Why Kim Jong Un Went to China

By Evan Osnos

As a signpost along the course of history, there is no ritual more pregnant with uncertainty than the handshake portrait. At some points, it has proved to be a marker of renewal: Robert E. Lee surrendering to Ulysses S. Grant at Appomattox Court House, in 1865. At others, it has been the prelude to disaster: a smiling Neville Chamberlain extending his hand to Adolf Hitler, in 1938. The medium and the wardrobe change, but the essential dynamic stays the same: powerful, sometimes villainous, figures balancing the weight of self-interest, dignity, and mutual suspicion. When the history of Asia in the twenty-first century is written, the portrait of Kim Jong Un’s surprise encounter with Xi Jinping this week may take its place in the pantheon. Kim had not left the country or met with another head of state since coming to power, more than six years ago. Despite relying on China for trade and weapons, he had flouted Beijing’s entreaties to drop his nuclear program and had even gone so far as to test missiles on days when Xi was trying to host solemn occasions, a gesture that seemed either calculated or unconcerned with Xi’s embarrassment.

Why China Is A Leader In Intellectual Property And What The US Has To Do With It

by Alice de Jonge
In the late 1980s and throughout the 1990s, western firms like Apple and Intel made large profits by investing in China to take advantage of the cheap labour, often at terrific human cost. As China's economy grew, and the population became wealthier, western firms were then able to profit by selling their products back to the wealthier children of the same labour force which made themThe Chinese government saw this happening, and wanted western firms benefiting from the Chinese market to give something back. It established a system of approving foreign investments on the condition the businesses involved agreed to partner with local firms and transfer knowledge and skills to the local Chinese market.

How Will China Retaliate beyond Tariffs?

As the Trump administration prepares a series of trade actions and investment restrictionsagainst China, Beijing has signaled its intention to respond. Besides reports of coming Chinese counter tariffs, with no clear timeline, possibly on U.S. agriculture exports or aircraft, there is much uncertainty about what form Chinese retaliation could take. There are credible rumors of Beijing drawing up lists of U.S. companies with strong domestic counterparts that it would block from the Chinese market (however, there is no publicly available information on this). Chinese media is awash with nationalist calls for a tougher stance against the United States. One user posted: “The US had already declared a war. Why we were only making slogans?”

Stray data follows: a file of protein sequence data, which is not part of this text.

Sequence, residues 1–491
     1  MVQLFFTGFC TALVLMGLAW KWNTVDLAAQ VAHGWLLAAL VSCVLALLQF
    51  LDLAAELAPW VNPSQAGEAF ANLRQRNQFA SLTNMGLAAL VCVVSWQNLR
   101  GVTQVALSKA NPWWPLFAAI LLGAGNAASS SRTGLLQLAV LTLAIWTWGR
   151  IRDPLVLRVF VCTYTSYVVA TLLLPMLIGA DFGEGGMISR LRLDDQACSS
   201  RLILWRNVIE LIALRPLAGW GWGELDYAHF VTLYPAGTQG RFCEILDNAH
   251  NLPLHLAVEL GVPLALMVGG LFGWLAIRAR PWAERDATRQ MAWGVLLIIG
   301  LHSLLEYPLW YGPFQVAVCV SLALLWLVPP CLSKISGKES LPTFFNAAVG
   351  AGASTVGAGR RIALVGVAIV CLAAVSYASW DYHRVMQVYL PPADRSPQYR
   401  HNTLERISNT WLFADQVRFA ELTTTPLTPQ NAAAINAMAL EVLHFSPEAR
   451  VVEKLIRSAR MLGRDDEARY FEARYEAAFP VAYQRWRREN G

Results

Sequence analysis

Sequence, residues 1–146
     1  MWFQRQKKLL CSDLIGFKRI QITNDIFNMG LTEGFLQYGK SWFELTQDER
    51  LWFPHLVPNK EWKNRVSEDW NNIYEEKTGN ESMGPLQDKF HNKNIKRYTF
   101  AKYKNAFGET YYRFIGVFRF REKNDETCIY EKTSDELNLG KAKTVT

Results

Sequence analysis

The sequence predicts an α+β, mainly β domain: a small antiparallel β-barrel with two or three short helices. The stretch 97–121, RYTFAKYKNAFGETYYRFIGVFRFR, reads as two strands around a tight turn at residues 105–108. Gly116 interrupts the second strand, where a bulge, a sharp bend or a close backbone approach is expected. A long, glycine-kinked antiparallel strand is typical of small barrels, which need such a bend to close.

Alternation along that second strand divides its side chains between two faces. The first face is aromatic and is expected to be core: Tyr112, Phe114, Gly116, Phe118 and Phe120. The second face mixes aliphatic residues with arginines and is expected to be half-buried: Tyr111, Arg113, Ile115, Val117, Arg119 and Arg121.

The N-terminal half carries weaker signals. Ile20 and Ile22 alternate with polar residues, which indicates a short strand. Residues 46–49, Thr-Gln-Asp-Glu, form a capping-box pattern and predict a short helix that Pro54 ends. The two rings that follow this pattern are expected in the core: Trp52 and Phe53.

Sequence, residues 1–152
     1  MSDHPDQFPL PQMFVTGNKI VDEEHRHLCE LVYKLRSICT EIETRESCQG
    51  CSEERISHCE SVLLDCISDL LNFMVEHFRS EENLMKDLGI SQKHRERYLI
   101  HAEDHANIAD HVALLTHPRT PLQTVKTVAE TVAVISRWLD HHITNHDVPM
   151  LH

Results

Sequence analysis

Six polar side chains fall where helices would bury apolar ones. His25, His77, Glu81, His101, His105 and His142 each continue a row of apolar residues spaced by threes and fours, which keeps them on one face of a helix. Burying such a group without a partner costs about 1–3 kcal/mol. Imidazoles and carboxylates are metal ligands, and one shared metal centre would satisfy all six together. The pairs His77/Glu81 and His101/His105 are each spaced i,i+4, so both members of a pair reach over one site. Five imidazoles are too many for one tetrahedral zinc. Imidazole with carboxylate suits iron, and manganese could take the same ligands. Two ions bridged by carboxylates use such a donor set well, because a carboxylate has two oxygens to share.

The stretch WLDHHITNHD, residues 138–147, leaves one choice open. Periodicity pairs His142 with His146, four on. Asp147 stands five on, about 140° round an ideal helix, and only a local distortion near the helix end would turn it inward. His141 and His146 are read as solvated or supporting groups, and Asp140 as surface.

The Ideologue’s Case Against Iran

By Jacob L. Shapiro

Imagine a country – a Muslim majority country, no less – that viewed the spread of jihadism as an existential threat, a threat so serious that it was willing to sacrifice its own people to defeat it. Assume that this country, with its large population, robust military and plentiful natural resources, was strong enough to keep the jihadists at bay. Assume, too, that this country was located in the heart of the Muslim world, ideally situated to project power into the Caucasus, the Middle East, Central Asia and South Asia – all of which are experiencing varying degrees of instability. Imagine finally that this country was also once a U.S. ally – a cornerstone of U.S. containment strategy against the Soviet Union during the Cold War – and could be again.

U.S. National Security Strategy and the MENA Region

By Anthony Cordesman

America's allies, and other states, can scarcely be blamed for being confused by the changes taking place in U.S. strategy. U.S. national security strategy has announced in three different unclassified documents at three different times, and in very different levels of detail: A National Security Strategy issued by the White House—with the authority of the President—on December 17, 2017, and focusing on U.S. domestic and civil programs as well as national security. A National Defense Security Strategy issued by the Department of Defense—with the authority of the Secretary of Defense—on January 18, 2018, and focusing on defense and national security. The U.S. defense budget request to Congress for Fiscal Year (FY) 2019. This consists of a wide range of over 1,000 pages of data in a wide range of different documents summarized in a Budget Overview document issued by the Comptroller's Office of the Office of the Secretary of Defense but based on the budget and programs approved by the White House and approved by the director of the Office of Management and Budget (OMB). This summary is specifically described as presenting the budget in strategic terms. 

Foreign Fighters who Travelled to Syria and Iraq Since 2011

Climate Conflicts: Myth or Reality?

By Hayley Stevenson

The specter of water wars has long loomed large in political and popular imaginations. With the end of the Cold War, fresh concerns emerged that future wars would be fought not over ideology but over natural resources. The alliteratively appealing phrase of “water wars” began rolling off the tongue as United Nations leaders and politicians made bold claims about the inevitable carnage that resource scarcity would bring. Climate change heightens these concerns as the gap widens between what science tells us is necessary and what politics tells us is feasible.

Russia Employs New ‘Hybrid War’ Methods Against Georgia

By: Giorgi Menabde

The Moscow-backed authorities of separatist South Ossetia released, on March 23, Georgian citizens David Gerkeuli and Iosif Gundishvili (Imedinews March 23). The two men had been arrested by South Ossetian KGB agents (the special service of this breakaway republic still carries the old Soviet name) and Russian border guards (Kavkazsky Uzel, March 22). Gerkeuli and Gundishvili were accused of “violating the state border of South Ossetia.” Relatives of the detainees told reporters that they were going to church when the agents seized them in an ambush. The arrested were released after the family paid a fine (Imedinews, March 23).